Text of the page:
DEAR ABBY: Pregnant teen seeks advice for raising her child well

Monday, March 23, 2020

DEAR ABBY: I recently found out I am pregnant. I’m only 17 and scared I won’t be a good mother. I’m also anxious about giving birth. I’m due in three months, so I know time is going by fast.

My mother never taught me right from wrong, and having to raise a child at my age is really scary. I don’t want to give my baby up for adoption because I know God does things in mysterious ways. I feel like this is an obstacle he is putting me through to make me stronger in life. Can you give me some advice on how to be a good mother or guide me on how to give my child the necessities? — CONCERNED TEENAGE MOTHER

DEAR CONCERNED: You will be facing challenging circumstances. Consider talking to a social worker at the hospital where you will give birth for advice on how to get the necessities for your baby. It is more important now than ever to complete your education by getting your high school diploma or a GED, so you will be able to better support the child. A trusted teacher or counselor at school may be able to guide you. If there are older, more experienced family members who are willing, they may be able to offer emotional and practical support. And, if possible, the baby’s father should be involved.

DEAR ABBY: I was adopted at birth. About 30 years ago, I found my birth mother, but our relationship is intermittent and distant. She only recently gave me a name of my biological father. Through DNA testing I have discovered that the name she gave me was incorrect and who he actually was. The confirmation is rock solid with half-sisters and several first cousins located.

My birth mother is 90 now. Should I tell her what I have found out or let it go? All of the direct players in this, except her, have passed on. — TRUTH-TELLER IN TEXAS

DEAR TRUTH-TELLER: How mentally “with it” is your 90-year-old mother? If she’s in the early stages of dementia, what have you to gain by telling her? If she’s sharp as a tack, one has to wonder why she would try to obscure your bio-father’s identity. Was she attempting to protect herself, him or you? Or was she unsure of his identity because she had been raped or was seeing more than one man? These are questions I can’t answer for you.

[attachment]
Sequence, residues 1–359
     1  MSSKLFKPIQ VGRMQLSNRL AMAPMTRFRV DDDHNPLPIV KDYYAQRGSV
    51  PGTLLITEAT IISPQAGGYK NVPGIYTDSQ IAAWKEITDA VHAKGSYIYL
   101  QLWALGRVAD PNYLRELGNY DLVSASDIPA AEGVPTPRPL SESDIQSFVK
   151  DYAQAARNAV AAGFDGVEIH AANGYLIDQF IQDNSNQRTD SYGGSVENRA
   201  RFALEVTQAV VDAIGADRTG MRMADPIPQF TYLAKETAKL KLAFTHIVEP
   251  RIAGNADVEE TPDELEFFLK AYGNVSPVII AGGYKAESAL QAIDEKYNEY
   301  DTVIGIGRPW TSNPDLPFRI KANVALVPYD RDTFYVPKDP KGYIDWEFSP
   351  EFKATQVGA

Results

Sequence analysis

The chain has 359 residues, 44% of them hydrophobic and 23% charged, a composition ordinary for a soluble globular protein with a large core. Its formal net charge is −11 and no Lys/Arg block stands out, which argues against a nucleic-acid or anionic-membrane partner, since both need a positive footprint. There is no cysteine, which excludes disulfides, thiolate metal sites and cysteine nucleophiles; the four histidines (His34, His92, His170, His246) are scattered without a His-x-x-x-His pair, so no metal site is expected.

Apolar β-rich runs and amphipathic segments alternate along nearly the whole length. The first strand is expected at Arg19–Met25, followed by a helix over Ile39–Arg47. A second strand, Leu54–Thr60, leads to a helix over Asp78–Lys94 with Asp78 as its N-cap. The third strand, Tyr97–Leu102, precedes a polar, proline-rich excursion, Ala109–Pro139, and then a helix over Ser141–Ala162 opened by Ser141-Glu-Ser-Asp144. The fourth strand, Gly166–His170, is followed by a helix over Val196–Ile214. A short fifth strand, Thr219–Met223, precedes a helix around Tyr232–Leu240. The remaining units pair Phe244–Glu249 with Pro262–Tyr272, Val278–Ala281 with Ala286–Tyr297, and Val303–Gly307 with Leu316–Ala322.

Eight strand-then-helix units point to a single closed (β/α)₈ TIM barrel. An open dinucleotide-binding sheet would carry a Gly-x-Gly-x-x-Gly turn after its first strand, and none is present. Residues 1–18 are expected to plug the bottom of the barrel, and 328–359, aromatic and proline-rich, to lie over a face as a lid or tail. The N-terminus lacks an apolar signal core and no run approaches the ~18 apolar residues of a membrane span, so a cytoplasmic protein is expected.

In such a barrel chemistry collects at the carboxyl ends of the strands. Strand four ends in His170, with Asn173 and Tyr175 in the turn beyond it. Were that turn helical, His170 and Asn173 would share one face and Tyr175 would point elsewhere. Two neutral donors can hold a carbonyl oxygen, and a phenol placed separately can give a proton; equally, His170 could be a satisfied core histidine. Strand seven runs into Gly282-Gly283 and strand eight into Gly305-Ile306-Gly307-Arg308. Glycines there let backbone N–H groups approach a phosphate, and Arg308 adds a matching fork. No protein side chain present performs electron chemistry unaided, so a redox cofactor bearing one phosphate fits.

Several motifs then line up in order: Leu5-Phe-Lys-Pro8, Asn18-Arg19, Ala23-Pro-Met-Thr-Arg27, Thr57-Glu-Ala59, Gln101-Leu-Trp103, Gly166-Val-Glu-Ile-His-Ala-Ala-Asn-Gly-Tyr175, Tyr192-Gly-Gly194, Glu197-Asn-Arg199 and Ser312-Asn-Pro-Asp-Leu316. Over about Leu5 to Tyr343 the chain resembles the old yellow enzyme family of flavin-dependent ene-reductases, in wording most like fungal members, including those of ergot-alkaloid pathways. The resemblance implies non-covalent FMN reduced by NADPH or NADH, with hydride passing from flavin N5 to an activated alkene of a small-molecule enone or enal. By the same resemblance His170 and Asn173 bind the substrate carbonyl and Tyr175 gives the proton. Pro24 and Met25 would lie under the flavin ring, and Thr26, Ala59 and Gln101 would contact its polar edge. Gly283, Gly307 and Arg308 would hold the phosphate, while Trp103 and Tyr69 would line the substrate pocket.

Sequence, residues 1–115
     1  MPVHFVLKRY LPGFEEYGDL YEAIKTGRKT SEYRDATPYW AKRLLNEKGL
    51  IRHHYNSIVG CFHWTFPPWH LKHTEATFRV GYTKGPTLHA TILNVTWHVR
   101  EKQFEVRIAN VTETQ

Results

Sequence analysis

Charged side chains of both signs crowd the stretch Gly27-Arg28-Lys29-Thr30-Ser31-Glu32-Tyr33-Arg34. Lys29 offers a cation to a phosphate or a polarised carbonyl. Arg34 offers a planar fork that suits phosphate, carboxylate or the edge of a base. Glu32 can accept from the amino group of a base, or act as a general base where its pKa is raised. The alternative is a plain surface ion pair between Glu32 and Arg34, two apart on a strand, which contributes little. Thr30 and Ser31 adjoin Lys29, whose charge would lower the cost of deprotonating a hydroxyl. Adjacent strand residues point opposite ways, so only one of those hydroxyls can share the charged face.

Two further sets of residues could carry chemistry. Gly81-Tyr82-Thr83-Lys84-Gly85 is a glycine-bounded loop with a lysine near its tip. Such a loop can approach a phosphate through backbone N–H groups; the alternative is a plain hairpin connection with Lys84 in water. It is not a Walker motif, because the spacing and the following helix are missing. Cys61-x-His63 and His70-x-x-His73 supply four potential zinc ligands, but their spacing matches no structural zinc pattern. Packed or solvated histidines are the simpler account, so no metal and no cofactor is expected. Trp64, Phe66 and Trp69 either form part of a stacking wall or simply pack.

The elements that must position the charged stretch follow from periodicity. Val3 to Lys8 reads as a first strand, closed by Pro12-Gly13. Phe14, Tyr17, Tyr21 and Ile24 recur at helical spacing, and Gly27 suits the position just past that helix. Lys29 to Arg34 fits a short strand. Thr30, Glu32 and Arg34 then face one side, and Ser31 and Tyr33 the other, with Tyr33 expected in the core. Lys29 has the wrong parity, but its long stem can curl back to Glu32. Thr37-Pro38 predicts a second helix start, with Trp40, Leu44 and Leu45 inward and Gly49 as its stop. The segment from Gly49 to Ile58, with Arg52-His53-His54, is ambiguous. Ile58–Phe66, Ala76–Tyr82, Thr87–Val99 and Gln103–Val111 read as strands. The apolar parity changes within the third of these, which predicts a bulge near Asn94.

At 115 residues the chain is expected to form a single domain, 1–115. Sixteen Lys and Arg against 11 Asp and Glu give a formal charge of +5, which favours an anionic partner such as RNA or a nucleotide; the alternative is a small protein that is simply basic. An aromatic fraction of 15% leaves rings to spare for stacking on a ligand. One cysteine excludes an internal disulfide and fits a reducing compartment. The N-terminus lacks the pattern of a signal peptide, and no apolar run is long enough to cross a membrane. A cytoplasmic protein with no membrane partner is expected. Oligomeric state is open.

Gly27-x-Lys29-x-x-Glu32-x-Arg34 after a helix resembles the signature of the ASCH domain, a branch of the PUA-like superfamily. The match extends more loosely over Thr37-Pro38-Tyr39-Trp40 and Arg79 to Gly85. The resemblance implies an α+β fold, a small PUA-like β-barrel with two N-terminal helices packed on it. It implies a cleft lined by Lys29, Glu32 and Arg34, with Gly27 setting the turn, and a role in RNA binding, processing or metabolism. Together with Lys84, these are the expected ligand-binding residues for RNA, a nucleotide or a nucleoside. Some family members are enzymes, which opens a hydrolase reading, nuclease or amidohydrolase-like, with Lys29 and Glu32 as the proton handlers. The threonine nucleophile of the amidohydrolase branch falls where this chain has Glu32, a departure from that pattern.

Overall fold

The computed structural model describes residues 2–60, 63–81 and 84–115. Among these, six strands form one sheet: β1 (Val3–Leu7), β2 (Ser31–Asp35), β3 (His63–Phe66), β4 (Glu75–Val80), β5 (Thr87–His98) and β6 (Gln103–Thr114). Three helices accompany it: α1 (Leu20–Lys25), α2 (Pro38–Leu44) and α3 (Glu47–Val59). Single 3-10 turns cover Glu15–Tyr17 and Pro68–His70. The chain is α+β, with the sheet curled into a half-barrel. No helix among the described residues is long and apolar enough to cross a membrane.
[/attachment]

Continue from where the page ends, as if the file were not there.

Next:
It shouldn’t create a bombshell if you approach the subject by telling her you have uncovered some information about your biological relatives. If she is interested, tell her everything. If not, let it be.

DEAR ABBY: This is a delicate subject for me, one I’ve never been faced with before. I have been speaking to a really nice guy I met online, and after many weeks of talking, we decided to meet up. It wasn’t anyplace special or expensive; it was a lunch spot. I wore jeans and new shoes, and did my hair to look nice for him. We had a pleasant lunch, which he insisted on paying for.

Abby, in his pictures, he is very handsome. In most of them he was well-dressed and -kept. He showed up in a knit ski hat that covered nearly his whole head, and the rest of his attire was wrinkled and sloppy. It was not what I expected for our first date that we had been talking about for a long time.

I’m thinking I may be disappointed because I may have built up expectations in my head. We are talking about a second date, and I’d like to give him another chance to crisp himself up, but I would like to handle it delicately so as not to hurt his feelings. I never thought of myself as judgmental. Am I being unreasonable for wishing my new boyfriend wants to look good for me as I do for him? How do I handle this? — SECOND THOUGHTS

DEAR SECOND THOUGHTS: Here’s how. Recognize that he is not your “new boyfriend;” he is only a candidate for the “job.” Go out with him a few more times and get to know him well enough that you can have an honest conversation with him. If he doesn’t shape up, at that point, tell him what you told me. Leave out the part about blaming yourself for your feelings. They are honest, and you are entitled to them, and frankly, you might be doing him a favor to speak up.